Pitt's High Post Zone Buster

Zone offense is one of the more important things to consider as we head into playoff season for most of you coaches out there. The vaunted zone defense can cause all sorts of problems for teams who are not prepared and do not have a coordinated plan of attack.

I watched the first half of the Pitt game against Providence and it was pretty close throughout with the Friars even holding the early lead. But the Panthers were too much down low and specifically, they were able to score effectively when the Friars went to a 2-3 zone. Here are a couple of zone offense sequences from the first half,

In order to beat any zone, keep in mind of the big 3,

1. Early Offense, hit the zone before it has time to setup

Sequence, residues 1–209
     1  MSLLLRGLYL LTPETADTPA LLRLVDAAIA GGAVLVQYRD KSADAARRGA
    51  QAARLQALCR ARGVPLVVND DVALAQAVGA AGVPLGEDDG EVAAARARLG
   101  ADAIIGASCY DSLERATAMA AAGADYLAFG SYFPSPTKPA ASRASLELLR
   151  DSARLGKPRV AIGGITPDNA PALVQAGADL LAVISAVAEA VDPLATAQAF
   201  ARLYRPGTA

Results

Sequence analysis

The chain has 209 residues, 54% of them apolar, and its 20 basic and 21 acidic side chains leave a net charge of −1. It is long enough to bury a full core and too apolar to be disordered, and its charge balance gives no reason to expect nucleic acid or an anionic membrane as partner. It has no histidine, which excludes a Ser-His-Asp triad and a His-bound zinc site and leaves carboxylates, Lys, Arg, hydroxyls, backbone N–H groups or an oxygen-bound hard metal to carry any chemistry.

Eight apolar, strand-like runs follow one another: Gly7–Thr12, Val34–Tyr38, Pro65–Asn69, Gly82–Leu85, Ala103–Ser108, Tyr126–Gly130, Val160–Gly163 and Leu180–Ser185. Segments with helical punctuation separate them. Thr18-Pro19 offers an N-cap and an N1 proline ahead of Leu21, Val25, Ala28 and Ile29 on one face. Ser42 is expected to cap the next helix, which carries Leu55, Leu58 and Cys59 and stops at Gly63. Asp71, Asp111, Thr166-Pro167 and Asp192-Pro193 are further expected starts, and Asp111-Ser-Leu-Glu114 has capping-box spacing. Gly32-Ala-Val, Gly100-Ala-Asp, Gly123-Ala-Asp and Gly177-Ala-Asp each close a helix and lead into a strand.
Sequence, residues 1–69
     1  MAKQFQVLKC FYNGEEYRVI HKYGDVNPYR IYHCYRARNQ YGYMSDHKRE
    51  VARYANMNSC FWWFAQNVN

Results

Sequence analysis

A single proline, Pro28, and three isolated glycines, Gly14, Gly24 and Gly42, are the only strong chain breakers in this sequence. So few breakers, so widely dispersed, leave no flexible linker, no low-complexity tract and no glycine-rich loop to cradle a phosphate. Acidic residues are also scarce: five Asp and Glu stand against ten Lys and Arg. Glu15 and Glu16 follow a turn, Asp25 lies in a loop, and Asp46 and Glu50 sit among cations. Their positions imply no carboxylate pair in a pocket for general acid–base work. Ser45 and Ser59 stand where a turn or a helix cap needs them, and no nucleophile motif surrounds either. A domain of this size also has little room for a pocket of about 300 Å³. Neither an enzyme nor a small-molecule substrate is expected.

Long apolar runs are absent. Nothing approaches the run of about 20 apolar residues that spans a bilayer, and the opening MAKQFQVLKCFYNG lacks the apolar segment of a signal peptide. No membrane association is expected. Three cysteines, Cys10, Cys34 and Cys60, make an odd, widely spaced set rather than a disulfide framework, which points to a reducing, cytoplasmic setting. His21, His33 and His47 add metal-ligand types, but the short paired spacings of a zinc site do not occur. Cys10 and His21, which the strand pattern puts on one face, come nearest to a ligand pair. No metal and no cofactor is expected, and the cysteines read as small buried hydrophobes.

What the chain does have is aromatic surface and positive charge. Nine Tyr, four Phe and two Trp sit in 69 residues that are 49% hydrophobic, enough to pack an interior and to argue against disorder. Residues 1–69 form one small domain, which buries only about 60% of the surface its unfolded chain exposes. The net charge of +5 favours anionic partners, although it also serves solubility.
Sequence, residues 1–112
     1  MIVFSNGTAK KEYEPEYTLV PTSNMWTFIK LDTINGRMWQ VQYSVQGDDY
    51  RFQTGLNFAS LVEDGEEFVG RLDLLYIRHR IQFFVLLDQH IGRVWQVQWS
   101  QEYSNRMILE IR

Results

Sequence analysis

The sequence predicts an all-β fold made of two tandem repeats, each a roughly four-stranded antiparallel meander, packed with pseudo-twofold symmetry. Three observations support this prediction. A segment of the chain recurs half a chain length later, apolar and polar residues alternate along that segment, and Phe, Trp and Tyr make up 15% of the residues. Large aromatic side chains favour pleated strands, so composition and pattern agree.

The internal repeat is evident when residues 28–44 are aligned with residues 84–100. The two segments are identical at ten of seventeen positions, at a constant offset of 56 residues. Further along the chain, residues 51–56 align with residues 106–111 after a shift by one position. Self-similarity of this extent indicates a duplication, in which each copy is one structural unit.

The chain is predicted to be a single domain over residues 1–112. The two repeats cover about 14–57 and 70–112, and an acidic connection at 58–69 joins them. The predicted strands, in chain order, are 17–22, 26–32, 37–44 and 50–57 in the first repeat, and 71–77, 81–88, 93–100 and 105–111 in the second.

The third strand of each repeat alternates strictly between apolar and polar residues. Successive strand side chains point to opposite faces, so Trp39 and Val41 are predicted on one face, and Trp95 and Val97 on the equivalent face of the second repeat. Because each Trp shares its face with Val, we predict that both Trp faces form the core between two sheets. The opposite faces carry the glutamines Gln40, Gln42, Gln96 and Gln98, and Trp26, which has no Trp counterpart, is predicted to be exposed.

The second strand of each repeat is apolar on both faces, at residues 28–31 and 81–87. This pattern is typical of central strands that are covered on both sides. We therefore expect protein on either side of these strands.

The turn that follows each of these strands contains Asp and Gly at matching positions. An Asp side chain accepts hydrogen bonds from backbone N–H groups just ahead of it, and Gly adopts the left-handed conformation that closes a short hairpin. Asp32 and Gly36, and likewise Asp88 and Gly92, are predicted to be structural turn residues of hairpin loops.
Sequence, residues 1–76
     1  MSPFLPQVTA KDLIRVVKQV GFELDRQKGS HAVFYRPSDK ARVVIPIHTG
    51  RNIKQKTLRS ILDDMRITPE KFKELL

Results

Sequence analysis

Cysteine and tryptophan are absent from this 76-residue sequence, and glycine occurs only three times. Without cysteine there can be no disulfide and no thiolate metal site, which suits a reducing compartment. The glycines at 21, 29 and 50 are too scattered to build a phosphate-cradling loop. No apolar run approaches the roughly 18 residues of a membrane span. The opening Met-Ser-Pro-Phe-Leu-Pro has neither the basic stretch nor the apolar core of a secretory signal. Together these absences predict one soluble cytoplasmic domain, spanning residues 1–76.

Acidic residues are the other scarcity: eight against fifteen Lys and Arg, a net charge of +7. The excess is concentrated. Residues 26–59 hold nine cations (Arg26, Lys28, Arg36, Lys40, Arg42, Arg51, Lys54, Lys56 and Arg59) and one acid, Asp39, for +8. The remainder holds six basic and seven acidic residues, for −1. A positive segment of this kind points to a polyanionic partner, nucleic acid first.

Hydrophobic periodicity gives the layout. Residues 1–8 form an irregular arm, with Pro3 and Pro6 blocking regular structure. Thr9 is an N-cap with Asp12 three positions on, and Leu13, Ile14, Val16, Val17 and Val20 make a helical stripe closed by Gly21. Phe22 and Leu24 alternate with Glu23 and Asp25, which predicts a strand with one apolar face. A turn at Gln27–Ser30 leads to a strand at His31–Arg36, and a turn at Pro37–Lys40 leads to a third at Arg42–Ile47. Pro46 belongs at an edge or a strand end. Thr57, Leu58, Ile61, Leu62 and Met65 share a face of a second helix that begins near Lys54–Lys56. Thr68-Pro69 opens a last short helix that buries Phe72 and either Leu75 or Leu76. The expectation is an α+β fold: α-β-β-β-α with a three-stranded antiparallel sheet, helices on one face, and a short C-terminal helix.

2. Offensive rebounding, the zone does not have man box out responsibility
3. Use fakes, the zone reacts to the ball and not the man

By winning the battle for the big 3, you can rely more on your players abilities and less on scheme.

1-4 High vs 2-3 Zone:

Having that in mind, you still need to have a specific zone offense strategy. For Pitt, they wanted to attack the zone through the high-post. The ball must be entered into the high-post before a shot is taken. Here, they use a 1-4 high set to go hi-low against the zone,

The high post is a great place to exploit most zones which are weak in the middle. This forces the defense to collapse to the high post which will allow your players to either cut to open space or an open shot.


I like the 1-4 high set because you can use it against a 2-3, 1-1-3, 1-3-1, 3-2. Also notice how it alters the 2-3 zone by bringing the defenders higher and away from the basket, this allows your basket cutters to get to the rim without congestion.

For more info on Pitt's zone offense, check out Jamie Dixon's DVD on his 3-out 2-in Zone Offense. Don't forget to check out the X's and O's of Basketball Forum to talk about this and your favorite basketball topics.